In the Shadow of the Monk’s Suicide: The Clergy Laity Congress in Arizona
Under the shadow of the alleged suicide of Scott (Ioannis) Nevins at St. Anthony’s Monastery in Florence, AZ, the 41st Clergy Laity Congress of the Greek Orthodox Archdiocese of America convened in nearby Phoenix.
Things are becoming increasingly vague and awkward because more than three weeks after the unfortunate incident, there is virtual silence about it. Neither the police report or autopsy report has been released. The Archdiocese has not said a word yet, except for the letter of Metropolitan Gerasimos of San Francisco informing the faithful of the incident and assuring everyone that he is praying for the repose of the late monk’s soul. The only one who has spoken publicly, through TNH, is Monastery Abbot Archimandrite Paisios.
On the other hand, there is a barrage of electronic messages, comments, and opinions being exchanged, which can be classified more as gossip than legitimate information.
In addition to the investigations underway by law enforcement authorities, the Archdiocese itself should begin an in-depth probe not only about the suicide incident, but also about the monasteries in general. Quite literally, the Archdiocese now has to deal with blood on its hands, and blood does not easily go away.
Moreover, the Archdiocese should investigate the finances of Elder Ephraim’s monasteries from the day he put his foot on Canadian soil to the day he came to the United States, in order to discover where in the world all that money that was used to erect 21 monasteries came from.
The Archbishop and hierarchs alike should be held accountable for Ephraim’s and the monasteries’ activities. Essentially, they have become a ”parallel church” with a strange fundamentalist mentality that smells a lot like a cult: a movement that can be called ”Ephraimism,” that has instilled in many clergy and laity a kind of fundamentalist pseudo-piety. The cultivation of the ”elderism” (from elder) in America today has assumed the form of an Orthodox ”guruism” (from guru) with everything that it entails.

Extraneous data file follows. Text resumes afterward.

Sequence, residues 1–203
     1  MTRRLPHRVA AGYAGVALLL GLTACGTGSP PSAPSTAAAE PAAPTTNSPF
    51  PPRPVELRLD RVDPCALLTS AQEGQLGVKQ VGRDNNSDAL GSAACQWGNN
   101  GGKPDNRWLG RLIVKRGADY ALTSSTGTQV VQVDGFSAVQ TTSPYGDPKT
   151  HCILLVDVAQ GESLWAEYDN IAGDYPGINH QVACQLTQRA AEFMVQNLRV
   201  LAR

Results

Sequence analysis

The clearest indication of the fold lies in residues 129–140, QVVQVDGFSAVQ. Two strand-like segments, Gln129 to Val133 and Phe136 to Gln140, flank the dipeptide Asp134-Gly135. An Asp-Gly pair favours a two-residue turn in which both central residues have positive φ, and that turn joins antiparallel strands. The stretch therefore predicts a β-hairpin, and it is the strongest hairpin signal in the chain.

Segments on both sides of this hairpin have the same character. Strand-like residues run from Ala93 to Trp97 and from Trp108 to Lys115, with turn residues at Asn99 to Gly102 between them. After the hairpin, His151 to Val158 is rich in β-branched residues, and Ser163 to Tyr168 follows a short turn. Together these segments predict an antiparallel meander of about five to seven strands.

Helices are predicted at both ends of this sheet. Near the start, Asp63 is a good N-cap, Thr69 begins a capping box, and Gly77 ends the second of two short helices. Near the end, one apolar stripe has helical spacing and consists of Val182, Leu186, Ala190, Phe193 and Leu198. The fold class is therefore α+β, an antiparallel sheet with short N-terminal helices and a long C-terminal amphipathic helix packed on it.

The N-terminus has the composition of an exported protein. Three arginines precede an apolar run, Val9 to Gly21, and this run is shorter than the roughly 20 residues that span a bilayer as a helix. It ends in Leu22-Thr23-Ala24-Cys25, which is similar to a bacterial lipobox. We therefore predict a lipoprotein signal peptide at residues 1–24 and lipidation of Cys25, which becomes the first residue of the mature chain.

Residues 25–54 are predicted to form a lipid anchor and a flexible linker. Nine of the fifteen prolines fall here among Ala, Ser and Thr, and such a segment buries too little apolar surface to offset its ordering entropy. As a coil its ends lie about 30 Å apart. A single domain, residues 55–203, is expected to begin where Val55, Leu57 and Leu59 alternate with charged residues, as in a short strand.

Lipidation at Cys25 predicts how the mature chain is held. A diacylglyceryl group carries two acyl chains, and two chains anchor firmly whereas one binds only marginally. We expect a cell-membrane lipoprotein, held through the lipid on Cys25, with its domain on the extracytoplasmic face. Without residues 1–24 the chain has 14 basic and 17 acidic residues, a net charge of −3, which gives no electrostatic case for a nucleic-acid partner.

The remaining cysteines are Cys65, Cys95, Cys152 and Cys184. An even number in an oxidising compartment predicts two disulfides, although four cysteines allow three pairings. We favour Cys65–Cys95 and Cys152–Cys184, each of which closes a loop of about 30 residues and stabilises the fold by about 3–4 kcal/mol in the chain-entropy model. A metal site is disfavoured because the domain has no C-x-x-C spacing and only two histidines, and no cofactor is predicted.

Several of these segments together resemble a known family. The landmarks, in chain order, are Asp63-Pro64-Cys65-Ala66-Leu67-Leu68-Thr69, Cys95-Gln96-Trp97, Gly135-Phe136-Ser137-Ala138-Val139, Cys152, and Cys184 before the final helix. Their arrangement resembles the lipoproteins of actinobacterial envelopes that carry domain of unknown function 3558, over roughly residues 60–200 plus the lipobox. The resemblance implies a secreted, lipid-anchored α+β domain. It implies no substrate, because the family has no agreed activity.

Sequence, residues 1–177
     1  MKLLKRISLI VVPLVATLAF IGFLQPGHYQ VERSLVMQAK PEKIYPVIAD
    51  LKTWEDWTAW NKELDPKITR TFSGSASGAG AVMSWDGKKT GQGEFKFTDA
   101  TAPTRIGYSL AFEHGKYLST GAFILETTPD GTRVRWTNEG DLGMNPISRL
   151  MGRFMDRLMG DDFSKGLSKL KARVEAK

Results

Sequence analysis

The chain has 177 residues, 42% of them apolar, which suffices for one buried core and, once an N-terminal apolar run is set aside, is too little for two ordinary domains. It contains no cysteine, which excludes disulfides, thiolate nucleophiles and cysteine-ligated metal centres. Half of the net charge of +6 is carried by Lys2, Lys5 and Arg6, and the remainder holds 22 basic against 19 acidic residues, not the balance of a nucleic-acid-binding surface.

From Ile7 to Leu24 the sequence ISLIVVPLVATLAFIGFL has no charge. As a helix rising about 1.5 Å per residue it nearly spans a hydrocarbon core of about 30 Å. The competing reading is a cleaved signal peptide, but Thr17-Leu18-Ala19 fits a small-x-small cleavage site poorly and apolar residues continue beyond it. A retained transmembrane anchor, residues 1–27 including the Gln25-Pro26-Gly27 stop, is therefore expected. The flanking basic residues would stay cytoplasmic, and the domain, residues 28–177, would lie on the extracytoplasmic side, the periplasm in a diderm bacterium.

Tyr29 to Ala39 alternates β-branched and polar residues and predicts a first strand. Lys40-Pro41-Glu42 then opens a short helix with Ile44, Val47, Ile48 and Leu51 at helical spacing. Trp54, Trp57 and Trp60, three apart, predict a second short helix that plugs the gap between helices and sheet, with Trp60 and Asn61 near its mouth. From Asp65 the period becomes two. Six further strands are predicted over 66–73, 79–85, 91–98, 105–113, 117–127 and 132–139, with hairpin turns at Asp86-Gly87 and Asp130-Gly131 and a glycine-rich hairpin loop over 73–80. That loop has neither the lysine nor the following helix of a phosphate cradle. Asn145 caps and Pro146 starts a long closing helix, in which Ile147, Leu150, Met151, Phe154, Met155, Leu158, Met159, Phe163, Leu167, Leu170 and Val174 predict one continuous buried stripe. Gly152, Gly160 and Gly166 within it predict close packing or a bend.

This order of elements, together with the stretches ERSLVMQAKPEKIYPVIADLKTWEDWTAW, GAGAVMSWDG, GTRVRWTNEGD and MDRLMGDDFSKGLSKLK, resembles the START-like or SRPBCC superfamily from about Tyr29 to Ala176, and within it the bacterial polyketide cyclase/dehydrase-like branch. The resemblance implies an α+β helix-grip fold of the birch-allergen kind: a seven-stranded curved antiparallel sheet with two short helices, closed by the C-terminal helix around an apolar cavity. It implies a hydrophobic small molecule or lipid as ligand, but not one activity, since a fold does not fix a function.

The elders have become a religio-social phenomenon in America. They acquire total control on the mind and soul of people, especially of those who are afraid to come of age. The elders assume responsibility for everything — even for family, spousal, and personal matters.
The Christ of the Church has been replaced by the ”elders,” who supposedly speak wisely; they appear to be omniscient, prophesizing with authority on imminent wars and economic catastrophes.
We have come to the point today in America where there are priests in the Archdiocese who call their elders — not only Ephraim here in the United States but also in various monasteries in Greece, for example on Mount Athos, in Chalkidiki, in Peloponnesus, and elsewhere — in order to ask them how to go about things that concern them when they create rifts and divisions in their parishes or about ecclesial and community matters in general. There are tragi-comedic situations.
The Archdiocese should depart from Archbishop Demetrios’ ostrich head-in-the-sand tactics of covering up predator clergy, such as in cases of pederasty, and most recently the sexual misconduct at the School of Theology involving a grown up married student and a teenage girl on campus.
The recent revelations about the new Dean of Demetrios Archdiocesan Cathedral of New York, Anastasios Gounaris, should have alarmed His Eminence to make the right decision. Instead, the archbishop and the hierarchs remain speechless, and the attempts of beatification of everything — even the most ”dark” situations — cannot continue any longer because they will destroy the Church. The faithful, including the youth, understand that quite well.
Finally, the archbishop and the Archdiocesan Council should stop Methodios Tournas, the Bishop ofston, from establishing a monastery at the camp in Contoocook, NH, close to small and innocent children. If Methodios wants to repent for his actions against entire parishes in New England, he should go to one of Ephraim’s monasteries or to the Monastery of Simonopetra on Mt. Athos, and leave alone the small children of the Greek-American Community of New England free from any influence of monasteries and monks. New England needs more schools, not more monasteries.